The Anchorage Assembly approved a pay increase for a small group of public safety employees during its Tuesday meeting. City officials say the change is necessary to fix a major staffing problem that’s grown worse in recent years.
The measure raises pay for some Fire and Police Department personnel who are switching from union jobs to non-represented management positions.
It’s a change that affects, for example, police sergeants moving up to lieutenants, as well as five other employee classifications. In total, the administration estimates there are about 30 positions that will see an impact, split evenly between the two departments.
The raises range from eight to 35 percent, amounting in some cases to tens of thousands more in base-pay.
The reason for the new policy, according to supporters, is that pay for those management jobs has not kept up with the compensation rates negotiated in collective bargaining agreements for union positions, meaning lower-ranking personnel take a substantial pay cut if they advance upwards into leadership roles.
It’s a situation south Anchorage Assembly member Bill Evans compared to deferred maintenance.
“We got to the point over time where now the people that are being supervised are making more than the people doing the supervision,” Evans said during assembly comments. “Nobody would create their own business to operate like that, it’s poor management.”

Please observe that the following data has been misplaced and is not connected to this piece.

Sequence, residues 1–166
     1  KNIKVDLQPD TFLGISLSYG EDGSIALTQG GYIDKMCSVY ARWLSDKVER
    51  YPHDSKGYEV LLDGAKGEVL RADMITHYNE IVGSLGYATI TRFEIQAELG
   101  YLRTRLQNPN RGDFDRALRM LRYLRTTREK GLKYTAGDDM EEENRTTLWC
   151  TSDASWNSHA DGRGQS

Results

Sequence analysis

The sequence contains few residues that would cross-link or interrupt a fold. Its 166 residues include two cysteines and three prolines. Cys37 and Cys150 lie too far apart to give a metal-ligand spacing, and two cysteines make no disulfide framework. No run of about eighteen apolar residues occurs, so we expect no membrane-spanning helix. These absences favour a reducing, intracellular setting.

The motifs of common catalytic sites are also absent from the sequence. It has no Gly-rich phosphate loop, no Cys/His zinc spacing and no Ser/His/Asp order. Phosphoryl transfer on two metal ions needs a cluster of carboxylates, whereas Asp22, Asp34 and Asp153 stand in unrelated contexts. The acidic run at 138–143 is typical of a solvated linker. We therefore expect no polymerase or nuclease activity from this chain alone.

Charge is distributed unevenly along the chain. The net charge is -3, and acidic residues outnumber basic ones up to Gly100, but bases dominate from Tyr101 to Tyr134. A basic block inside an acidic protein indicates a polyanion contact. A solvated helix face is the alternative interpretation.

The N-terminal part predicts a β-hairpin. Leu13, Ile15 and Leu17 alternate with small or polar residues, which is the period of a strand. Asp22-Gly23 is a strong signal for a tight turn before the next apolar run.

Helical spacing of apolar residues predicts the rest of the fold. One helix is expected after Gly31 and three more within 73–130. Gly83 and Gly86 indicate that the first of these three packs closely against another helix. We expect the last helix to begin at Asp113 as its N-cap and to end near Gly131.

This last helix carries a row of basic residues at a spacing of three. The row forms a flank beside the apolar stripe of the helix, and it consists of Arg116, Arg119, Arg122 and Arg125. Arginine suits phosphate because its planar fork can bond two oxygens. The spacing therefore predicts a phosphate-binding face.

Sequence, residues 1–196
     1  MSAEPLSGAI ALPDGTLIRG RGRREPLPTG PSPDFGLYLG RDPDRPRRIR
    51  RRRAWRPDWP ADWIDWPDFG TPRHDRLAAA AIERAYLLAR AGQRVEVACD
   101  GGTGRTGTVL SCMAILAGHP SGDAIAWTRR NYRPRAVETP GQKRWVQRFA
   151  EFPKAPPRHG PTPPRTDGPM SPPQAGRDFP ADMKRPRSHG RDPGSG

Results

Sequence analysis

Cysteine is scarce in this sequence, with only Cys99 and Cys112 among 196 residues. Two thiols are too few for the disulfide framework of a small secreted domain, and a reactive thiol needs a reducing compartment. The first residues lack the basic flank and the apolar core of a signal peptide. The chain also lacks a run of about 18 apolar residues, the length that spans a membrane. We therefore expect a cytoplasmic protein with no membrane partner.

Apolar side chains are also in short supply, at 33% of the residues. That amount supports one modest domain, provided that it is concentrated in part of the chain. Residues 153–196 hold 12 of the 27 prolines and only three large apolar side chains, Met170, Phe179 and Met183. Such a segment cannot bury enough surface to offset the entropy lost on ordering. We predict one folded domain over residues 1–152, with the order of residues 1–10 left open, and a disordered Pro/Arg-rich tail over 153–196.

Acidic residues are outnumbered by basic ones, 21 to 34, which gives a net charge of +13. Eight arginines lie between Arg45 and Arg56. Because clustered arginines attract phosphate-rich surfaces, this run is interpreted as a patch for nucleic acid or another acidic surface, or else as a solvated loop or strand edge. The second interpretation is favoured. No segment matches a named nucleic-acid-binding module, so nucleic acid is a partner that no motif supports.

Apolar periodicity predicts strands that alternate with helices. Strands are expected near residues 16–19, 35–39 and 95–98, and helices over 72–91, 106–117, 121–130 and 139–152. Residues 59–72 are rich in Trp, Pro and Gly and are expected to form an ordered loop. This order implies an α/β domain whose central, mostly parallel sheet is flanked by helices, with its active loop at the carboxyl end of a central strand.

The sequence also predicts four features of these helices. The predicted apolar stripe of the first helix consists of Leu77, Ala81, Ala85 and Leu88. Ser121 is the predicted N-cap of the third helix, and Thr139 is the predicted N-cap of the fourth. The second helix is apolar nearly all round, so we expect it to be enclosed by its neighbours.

And like building repairs put off too long, the personnel policy started creating new problems.
According to the Municipal Manager Mike Abbott, the impetus for bringing forward the policy change came when the police department failed to get a single internal candidate as they tried recruiting for an open lieutenant position.
There’s worry over a large number of similar vacancies coming up in the near future.
“We’re not confident we can attract internal candidates to those positions,” Abbott told the assembly.
Though the pay raises are slightly staggered, the full $840,000-a-year cost increase is expected to be handled internally by the police and fire departments, which according to Abbott will amount to no change to the city’s overall budget.
The assembly members representing Eagle River, Amy Demboski and Bill Starr, opposed the measure because it grows public sector costs amid the state’s declining fiscal situation. They were joined by downtown assembly member Patrick Flynn in voting against the measure, which passed eight to three.